ABSTRACT: The mission will be to provide bridging science for the publishable, fundamental research and development of next-generation polymer electrolyte membranes (PEM), membrane electrode assemblies (MEA), and related fuel cell materials systems. In particular, we will dramatically extend understanding of the influence of several critical factors on transport properties. This new knowledge will be used to optimize and develop new materials for use in fuel cells. Critical issues pertaining to the function and stability of the MEAs will also be addressed. The focus is on the requirements for fuel cell systems, but could extend to a related variety of devices.
PEM fuel cell systems are an environmentally attractive energy or power source for a diverse array of applications, including cars, residences, and portable electronics, [1-3] and must function with critical performance and economy. A perfluorinated sulfonic acid copolymer (PFSA) (Nafion®) membrane is now used as the membrane, which is often supported on a fluorinated polymer fabric. This research will investigate the formation and durability of new MEAs based on commercially available fluoropolymer coated glass fabrics, which are more rigid, temperature resistant, and cost effective. The MEA consists of composite electrodes bonded to the membrane, which must have adequate electronic and protonic conductivity, gas permeability, and mechanical stability for thousands of hours under operating conditions. The key problems include maintaining adequate protonic conductivity and gas permeability within the catalyst layer under a range of hydration conditions, and maintaining a suitable structure between membrane and electrode phases. Research is ongoing to develop systems other than direct H2 that can operate using reformed hydrocarbon fuels, e.g., gasoline and methanol. Each has significant technical hurdles that presently entail either low efficiency or high cost. Potential solutions could arise from university led bridging research that integrates industrial and national laboratory efforts. It is now vital to integrate cross-cutting research in polymeric materials design and synthesis by combining the knowledge of highly qualified academic scientists and engineers at Virginia Tech (VT), Virginia Commonwealth University (VCU), and Iowa State University (ISU) with expertise from national lab, specifically Los Alamos National Laboratories, and industrial sectors. It is clear that progress in this field can be significantly accelerated through the proposed enabling science. Toward that end, we propose to synthesize new PEM materials with guidance from sophisticated models of proton and water transport, and will subject these materials to thorough molecular and structural characterization to fully understand how molecular engineering affects PEM performance. Emphasis will be placed on how polymer microstructure can be tailored to maximize ionic conductivity and mechanical properties when hydrated, maximize proton conductivity at high temperatures (e.g., 120°C), and minimize methanol crossover. Our team has access to an array of sophisticated techniques to carry out this mission that are described herein, and we have strong links to industries and national labs focusing on PEM technology to provide realistic measures of fuel cell performance.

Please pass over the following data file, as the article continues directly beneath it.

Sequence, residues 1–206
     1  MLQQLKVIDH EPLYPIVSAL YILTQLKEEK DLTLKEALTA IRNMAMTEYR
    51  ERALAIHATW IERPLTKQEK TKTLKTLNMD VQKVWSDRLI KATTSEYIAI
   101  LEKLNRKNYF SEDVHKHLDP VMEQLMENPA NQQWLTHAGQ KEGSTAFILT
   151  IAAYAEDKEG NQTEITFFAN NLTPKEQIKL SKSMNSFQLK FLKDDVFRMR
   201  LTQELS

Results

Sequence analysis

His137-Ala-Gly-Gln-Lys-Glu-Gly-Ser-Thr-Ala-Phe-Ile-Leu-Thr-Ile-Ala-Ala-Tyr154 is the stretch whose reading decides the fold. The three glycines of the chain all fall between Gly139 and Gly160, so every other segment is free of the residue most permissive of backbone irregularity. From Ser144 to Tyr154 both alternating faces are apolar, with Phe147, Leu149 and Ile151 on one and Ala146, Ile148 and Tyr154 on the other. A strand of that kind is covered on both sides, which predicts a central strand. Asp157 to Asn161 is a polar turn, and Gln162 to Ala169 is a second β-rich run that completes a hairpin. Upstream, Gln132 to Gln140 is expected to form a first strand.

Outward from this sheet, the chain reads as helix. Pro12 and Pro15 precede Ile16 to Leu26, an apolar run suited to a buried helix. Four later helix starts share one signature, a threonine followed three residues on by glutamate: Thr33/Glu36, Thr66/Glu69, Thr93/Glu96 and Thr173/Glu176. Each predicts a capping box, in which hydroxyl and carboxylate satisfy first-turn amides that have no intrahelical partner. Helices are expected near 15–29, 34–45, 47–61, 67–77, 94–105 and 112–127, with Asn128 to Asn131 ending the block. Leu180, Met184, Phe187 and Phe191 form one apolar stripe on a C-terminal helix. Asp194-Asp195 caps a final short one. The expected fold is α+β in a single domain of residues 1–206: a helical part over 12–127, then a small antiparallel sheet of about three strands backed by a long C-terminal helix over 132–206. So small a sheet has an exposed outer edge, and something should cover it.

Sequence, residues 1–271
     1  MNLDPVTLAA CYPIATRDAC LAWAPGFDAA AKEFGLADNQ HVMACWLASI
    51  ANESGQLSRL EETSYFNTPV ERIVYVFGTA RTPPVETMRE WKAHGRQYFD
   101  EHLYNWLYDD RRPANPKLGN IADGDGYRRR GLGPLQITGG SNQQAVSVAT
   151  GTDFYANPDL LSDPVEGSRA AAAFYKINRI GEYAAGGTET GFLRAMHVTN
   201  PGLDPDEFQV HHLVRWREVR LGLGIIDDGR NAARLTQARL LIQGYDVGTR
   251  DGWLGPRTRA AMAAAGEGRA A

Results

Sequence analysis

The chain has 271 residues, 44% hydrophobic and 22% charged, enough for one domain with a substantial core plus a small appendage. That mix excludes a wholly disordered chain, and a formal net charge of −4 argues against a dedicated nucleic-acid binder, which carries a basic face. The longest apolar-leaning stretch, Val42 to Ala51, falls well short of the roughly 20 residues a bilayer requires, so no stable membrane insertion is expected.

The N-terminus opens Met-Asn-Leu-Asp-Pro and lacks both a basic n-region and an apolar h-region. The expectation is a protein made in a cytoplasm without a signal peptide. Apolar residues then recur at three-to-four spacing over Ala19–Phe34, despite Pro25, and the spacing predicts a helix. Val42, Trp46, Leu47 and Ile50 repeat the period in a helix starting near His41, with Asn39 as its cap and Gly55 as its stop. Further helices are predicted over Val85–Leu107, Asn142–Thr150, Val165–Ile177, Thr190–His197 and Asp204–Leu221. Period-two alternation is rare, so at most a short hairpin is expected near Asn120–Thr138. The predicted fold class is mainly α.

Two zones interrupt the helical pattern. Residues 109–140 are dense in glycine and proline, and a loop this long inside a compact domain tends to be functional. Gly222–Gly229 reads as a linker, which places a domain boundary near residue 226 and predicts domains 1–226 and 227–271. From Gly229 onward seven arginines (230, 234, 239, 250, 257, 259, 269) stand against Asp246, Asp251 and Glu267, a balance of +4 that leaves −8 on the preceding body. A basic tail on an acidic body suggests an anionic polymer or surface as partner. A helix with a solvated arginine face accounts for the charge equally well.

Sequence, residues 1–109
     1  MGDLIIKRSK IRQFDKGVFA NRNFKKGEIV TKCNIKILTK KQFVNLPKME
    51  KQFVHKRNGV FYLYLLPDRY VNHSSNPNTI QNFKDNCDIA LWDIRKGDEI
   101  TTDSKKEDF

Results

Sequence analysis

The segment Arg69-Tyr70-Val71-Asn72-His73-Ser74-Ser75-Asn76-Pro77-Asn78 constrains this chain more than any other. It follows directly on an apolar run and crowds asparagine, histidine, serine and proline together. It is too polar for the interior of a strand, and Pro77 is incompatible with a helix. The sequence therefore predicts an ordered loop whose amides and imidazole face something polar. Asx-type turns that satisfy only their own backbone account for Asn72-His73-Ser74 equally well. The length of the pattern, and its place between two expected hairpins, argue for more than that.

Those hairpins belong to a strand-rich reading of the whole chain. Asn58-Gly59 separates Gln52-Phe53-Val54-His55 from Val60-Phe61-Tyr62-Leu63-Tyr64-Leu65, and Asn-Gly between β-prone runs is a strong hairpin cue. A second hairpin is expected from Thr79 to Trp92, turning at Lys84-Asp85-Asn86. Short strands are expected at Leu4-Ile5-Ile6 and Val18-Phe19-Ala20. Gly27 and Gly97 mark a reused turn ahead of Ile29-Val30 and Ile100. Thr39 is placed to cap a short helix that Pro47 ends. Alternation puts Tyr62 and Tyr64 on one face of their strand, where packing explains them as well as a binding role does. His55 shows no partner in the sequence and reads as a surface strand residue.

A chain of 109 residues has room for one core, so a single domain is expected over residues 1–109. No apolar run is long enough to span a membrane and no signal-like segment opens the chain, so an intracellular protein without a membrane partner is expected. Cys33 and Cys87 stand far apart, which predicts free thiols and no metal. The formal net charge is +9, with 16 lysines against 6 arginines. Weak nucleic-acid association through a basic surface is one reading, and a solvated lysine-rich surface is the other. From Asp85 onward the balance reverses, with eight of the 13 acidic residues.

Success in these fundamental efforts will lead to a number of developments with long-term benefits. These include: the development of fuel cell systems based on mechanistically understood, technologically advanced and durable proton exchange membranes will contribute to energy independence and the environment through replacement of the internal combustion engine for many energy sources, stationary (residential) power and consumer electronics, including power sources, laptop computers and cell phones.
For more information on
contact Dr. McGrath or Laurie Good